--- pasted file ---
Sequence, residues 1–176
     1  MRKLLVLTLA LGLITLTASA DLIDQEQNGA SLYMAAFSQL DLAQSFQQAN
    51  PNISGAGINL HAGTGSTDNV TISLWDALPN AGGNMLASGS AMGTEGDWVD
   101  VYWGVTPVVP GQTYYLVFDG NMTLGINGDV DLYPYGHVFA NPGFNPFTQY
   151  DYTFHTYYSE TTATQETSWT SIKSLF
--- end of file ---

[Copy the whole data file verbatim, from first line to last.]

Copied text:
Sequence, residues 1–176
     1  MRKLLVLTLA LGLITLTASA DLIDQEQNGA SLYMAAFSQL DLAQSFQQAN
    51  PNISGAGINL HAGTGSTDNV TISLWDALPN AGGNMLASGS AMGTEGDWVD
   101  VYWGVTPVVP GQTYYLVFDG NMTLGINGDV DLYPYGHVFA NPGFNPFTQY
   151  DYTFHTYYSE TTATQETSWT SIKSLF